Age-Old Book Offers Unusual View Of Early Popes
BY Karl Keating
August 30-September 5, 1998 Issue | Posted 8/30/98 at 2:00 PM
The ancient Liber Pontificalis (Book of Pontiffs) gives brief lives of the first 108 holders of the see of Rome. Only recently has this important work been translated into English, allowing those of us whose Latin is less than fluent to browse at will. The fourth pope listed is Clement, known to history as Clement of Rome and the author of an epistle, addressed to the Corinthians, that is used by Catholic apologists to show the early exercise of papal authority. It seems that the Corinthians had called on Clement to settle a dispute (the poor Corinthians were still troubled, long decades after Paul had tried to straighten them out, apparently with insufficient success). The last surviving Apostle, John, lived much closer to them and would have been the logical adjudicator, but they didn't write to him. They wrote to the successor of the chief apostle, and Pope Clement replied in tones of authority. The Liber Pontificalis gives only 20 lines about Clement, including the curious note that “on St. Peter's instruction he undertook the pontificate for governing the Church, as the cathedra had been handed down and entrusted to him by Jesus Christ…. Hence Linus and Cletus are recorded before him because they were ordained bishops to provide the sacerdotal ministry by the Prince of Apostles himself.”
For clarification of this peculiar passage, I flipped back a page to the life of Peter. “He ordained two bishops, Linus and Cletus, to be present in Rome to provide the entire sacerdotal ministry for the people and for visitors.”
Today we would call Linus and Cletus auxiliary bishops. They seem to have been given most of the sacramental duties, while Peter oversaw the Church as a whole. “Peter himself was free to pray and preach, to teach the people” (suggesting perhaps that the sacramental duties of a bishop tended to limit his leisure for prayer and for homiletics?).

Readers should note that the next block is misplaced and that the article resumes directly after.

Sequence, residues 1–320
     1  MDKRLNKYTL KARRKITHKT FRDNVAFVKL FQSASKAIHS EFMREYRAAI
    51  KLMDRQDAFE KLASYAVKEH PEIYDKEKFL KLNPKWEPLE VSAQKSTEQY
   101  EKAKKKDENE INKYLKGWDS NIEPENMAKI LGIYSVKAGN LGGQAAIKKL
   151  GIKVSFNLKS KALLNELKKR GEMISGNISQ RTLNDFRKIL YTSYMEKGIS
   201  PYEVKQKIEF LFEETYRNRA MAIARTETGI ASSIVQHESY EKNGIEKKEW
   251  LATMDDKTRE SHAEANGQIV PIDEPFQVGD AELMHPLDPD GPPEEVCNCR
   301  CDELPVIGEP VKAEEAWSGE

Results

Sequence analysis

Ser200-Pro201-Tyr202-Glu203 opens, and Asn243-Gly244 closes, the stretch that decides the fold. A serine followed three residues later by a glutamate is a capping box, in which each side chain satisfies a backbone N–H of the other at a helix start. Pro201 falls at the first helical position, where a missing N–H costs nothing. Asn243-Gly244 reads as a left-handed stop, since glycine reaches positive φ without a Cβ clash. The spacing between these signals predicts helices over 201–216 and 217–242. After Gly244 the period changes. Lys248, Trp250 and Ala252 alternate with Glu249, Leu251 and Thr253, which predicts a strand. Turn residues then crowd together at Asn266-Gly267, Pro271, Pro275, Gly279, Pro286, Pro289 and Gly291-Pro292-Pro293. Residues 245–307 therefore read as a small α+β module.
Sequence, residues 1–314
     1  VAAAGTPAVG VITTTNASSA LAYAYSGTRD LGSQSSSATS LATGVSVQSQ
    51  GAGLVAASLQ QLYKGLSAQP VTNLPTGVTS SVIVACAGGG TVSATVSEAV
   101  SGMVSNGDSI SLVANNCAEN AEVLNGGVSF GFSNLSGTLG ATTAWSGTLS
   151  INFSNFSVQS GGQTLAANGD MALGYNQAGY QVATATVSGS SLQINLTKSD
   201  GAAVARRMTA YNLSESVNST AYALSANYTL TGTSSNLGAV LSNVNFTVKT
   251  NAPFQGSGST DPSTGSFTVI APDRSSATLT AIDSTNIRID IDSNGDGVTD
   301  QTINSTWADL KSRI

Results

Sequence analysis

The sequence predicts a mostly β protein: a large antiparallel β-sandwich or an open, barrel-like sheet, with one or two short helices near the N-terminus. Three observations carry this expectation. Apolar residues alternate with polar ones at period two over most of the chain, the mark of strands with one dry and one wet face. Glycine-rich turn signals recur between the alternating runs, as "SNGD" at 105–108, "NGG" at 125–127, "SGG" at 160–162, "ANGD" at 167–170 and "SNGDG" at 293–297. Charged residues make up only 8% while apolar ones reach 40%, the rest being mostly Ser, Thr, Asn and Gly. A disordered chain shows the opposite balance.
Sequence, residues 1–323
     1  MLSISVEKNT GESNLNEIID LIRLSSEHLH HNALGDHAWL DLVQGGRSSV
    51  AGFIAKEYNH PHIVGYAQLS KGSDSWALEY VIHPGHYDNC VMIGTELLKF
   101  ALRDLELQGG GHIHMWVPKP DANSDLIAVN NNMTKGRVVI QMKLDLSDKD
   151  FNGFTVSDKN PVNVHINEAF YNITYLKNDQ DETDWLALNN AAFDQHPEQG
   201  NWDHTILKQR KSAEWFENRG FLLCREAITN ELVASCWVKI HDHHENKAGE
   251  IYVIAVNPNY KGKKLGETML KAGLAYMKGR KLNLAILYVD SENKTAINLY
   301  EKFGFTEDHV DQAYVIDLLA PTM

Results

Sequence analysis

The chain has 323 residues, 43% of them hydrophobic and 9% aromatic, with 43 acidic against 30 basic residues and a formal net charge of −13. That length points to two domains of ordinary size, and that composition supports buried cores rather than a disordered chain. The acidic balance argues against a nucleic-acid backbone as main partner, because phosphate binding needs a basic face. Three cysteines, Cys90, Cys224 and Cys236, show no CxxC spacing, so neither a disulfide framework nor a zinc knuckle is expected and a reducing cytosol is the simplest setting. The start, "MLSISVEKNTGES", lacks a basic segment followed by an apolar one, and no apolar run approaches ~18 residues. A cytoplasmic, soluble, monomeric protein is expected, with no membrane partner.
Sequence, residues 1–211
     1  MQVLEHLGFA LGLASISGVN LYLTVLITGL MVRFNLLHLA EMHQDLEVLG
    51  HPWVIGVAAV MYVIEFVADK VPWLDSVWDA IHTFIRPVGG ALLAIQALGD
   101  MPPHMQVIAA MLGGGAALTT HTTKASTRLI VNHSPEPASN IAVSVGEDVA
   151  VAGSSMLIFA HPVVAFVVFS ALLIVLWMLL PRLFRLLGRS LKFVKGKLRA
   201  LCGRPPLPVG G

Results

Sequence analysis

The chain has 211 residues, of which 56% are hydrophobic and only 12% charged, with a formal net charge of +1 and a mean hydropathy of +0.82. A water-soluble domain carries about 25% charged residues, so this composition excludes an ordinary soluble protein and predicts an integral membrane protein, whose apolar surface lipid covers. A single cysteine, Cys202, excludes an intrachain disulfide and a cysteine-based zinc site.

Then comes a curious point: In addition to praying, preaching, and teaching, Peter seems to have been noted for his public debates. “He held many debates with Simon Magus, both before the Emperor Nero and before the people, because Simon was using magical tricks and deceptions to scatter those whom Peter had gathered into Christ's faith. When their disputes had lasted a long time, Simon was struck down by God's will.”
In addition to praying, preaching, and teaching, Peter seems to have been noted for his public debates.
Nero, later the first great persecutor of the Church, thus knew Simon Magus and Peter and amused himself by watching the magician joust with the fisherman from Galilee. But Nero's champion “was struck down by God's will.” Did this embitter Nero against the Christians? We aren't told, but it is a fair surmise. Recall that Pharaoh's opinion of the Israelites was not improved when he saw his priests bested by Moses.
The next sentence of the life of the first Pope records that Peter “consecrated St. Clement as bishop and entrusted the cathedra and the whole management of the Church to him, saying: ‘As the power of government, that of binding and loosing, was handed to me by my Lord Jesus Christ, so I entrust it to you; ordain those who are to deal with various cases and execute the Church's affairs; do not be caught up in the cares of the world but ensure you are completely free for prayer and preaching to the people.’ After making this arrangement he was crowned with martyrdom along with Paul in the 38th year after the Lord suffered.”
Do not misinterpret what is going on here. No pope can make another man his successor; the most he can do is make him a bishop, which is what Peter did to Linus, Cletus, and Clement. It is unclear what force should be given to the clause “after making this arrangement,” but I take it to mean that Clement was consecrated not long before Peter's death.
He appears to have been Peter's recommendation for pope, but that choice could not be made until the papal see fell vacant and thus would be made by the living, not by Peter. Since Linus and Cletus had been ordained some years earlier to assist Peter in the administration of the see of Rome, and since each had paid his dues, so to speak, it must have seemed proper to the clergy of Rome to allow each in turn to serve as chief bishop of the imperial capital.
Thus Linus became the second pope, holding the see for 11 years, and Cletus the third, holding it for 12. Next came Peter's personal favorite, Clement, who was pope for nine years. The Liber Pontificalis closes its lives of Linus and Cletus by noting that each was buried “close to St. Peter's body on the Vatican [Hill].” Unexpectedly, Clement, Peter's favorite, died in Rome but ended up being buried in Greece.
Karl Keating is founding director of Catholic Answers.------- EXCERPT:
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